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Analysis & Opinion
27.07.11 Searchable Secrets
By Tai Adelaja

Russian online shoppers were given new cause for alarm this week, as fresh reports of privacy breaches by popular search engines revealed their vulnerability to identity theft. Informzaschita, a Moscow-based information security services provider, said on Monday that by using Yandex, the Russian equivalent of Google, it was able to access potentially compromising information about Russian online shoppers. Personal data retrieved by the firm using simple search terms included details of buyers’ orders, as well as their names and E-mail and home addresses, the company said in a presentation sent to reporters on Monday.

The revelation comes hard on the heels of reports of a mass leakage of text messages at MegaFon, Russia’s number two cell phone operator, last week. MegaFon, which has 57 million customers across Russia, initially blamed Yandex, where the 8,000 messages popped up, saying the search engine’s browser toolbar might have caused the leak, RIA Novosti reported. The company later retracted its statement, saying the leakage occurred due to a technical glitch with its own site’s external administrator. Though Yandex removed the items from its search index hours after the mass leak, the incident was serious enough to attract threats of legal action from Russia’s federal media regulator, as well as prosecutors.

Russia's leading Internet expert Anton Nosik said in a blog posting last week that a similar problem struck the EMS Russian Post delivery service, whose data on parcel tracking, including the names and addresses of senders and shipment costs, could be fished out from the Yandex cache. Over the past ten days, four major leaks have occurred through search engines on RuNet, as the Russian Internet is known, RIA Novosti reported on Wednesday. In addition to MegaFon and shopping Web sites' leaks, information about buyers of electronic tickets, complete with dates, flight numbers and passenger names, appeared online on July 26, the agency reported. Fresh reports coming in on Wednesday suggest that confidential information from key Russian ministries has also been exposed on the Web through search engines, according to RIA Novosti.

The fresh reports that the personal data of online buyers is easily retrievable through search engines appear to be raising more serious concerns among Russian security experts. Informzaschita analysts said they retrieved the data from a pool of information indexed and cached by Yandex by simply using customized search requests. However, similar search requests made by Vedomosti business daily on Google, Bing and have all turned up the same customers’ data, the newspaper reported. Such findings could further spook already overcautious Russian shoppers, who may now find it difficult to enjoy a peace of mind when searching around for the best deals on the Web, experts say.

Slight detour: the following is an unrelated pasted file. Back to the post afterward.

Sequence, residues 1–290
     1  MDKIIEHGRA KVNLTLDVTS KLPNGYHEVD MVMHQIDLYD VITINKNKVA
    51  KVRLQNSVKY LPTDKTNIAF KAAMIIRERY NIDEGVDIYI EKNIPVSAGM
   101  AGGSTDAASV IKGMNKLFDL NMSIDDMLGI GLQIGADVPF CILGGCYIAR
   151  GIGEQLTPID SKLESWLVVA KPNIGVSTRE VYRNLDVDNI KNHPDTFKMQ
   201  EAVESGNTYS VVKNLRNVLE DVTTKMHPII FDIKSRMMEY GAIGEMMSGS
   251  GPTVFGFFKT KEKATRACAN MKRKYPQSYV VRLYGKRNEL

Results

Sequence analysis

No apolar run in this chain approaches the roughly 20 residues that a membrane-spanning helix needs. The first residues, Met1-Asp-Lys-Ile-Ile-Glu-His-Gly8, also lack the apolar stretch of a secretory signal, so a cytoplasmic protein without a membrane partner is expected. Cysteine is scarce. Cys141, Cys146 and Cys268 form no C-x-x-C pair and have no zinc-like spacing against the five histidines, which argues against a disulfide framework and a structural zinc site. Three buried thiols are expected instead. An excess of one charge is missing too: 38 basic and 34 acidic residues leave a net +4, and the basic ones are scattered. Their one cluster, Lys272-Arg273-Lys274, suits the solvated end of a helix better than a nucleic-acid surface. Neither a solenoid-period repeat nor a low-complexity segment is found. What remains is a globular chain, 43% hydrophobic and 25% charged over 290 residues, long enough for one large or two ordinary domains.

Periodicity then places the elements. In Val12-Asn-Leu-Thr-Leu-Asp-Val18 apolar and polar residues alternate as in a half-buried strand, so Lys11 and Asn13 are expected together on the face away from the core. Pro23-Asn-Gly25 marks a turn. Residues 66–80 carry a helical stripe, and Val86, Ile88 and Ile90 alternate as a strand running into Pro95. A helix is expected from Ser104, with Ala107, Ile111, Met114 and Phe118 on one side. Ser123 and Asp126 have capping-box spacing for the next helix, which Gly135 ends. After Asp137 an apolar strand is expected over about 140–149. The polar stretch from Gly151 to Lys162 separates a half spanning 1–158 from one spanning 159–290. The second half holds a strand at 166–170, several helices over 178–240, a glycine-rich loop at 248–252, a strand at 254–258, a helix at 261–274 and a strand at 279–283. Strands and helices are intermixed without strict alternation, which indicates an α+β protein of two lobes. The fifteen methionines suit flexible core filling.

The latest problems, experts say, emanate from how Web site administrators configure their shopping sites to protect sensitive Internet files from being indexed by search engines. Yandex, the company at the center of the controversy, issued a special statement on Monday, urging Web site administrators to take measures to prevent unauthorized snooping by search engines. Yandex spokesman Ochir Mandzhikov said this involves carefully setting up their robots.txt, a special file that tells search engines about the pages that should not be crawled and indexed. The leaks, he said, were not due to faulty search algorithms, but to loopholes in Web site design. “We recommend that Web site administrators should carefully configure and examine information contained in the robots.txt file,” Mandzhikov said.

Russian online shoppers spent close to $20 billion last year to pay for items such as plane and train tickets, mobile services and electronic devices, according to a study by Google Russia and Citibank released in November. The authors of the study predicted that spending by online shoppers could reach 800 billion rubles ($27 billion) in 2012, as online marketing gains a stronger foothold in the country, becoming the most popular, effective and inexpensive way to reach buyers. About 65 million Russians currently use the Internet, and almost all of them, the study says, browse the network in search of products and services.

Still, the fallout from the present security leak may well be that ever more of Russia’s online shoppers will be more reluctant than ever before to use electronic cards for online transactions, experts say. While Russians rarely use electronic cards at retail outlets, recent changes in E-commerce regulations have emboldened more Russian buyers to use credit cards for online purchases, according to Glenbrook, a payment strategy consulting firm. Many Russian online sites have been actively pushing deals, especially since the government approved a National Payment System bill in November, giving the country’s E-commerce a boost. However, with tales of identity theft and fraudulent transactions widely publicized, many Russians still believe that providing credit-card or bank account details to a virtual store could seriously compromise their personal security. Glenbrook says the use of electronic cards online still represents only a third of all online transactions in Russia, and most buyers prefer cash on delivery (COD) for online purchases in their efforts to err on the side of caution.
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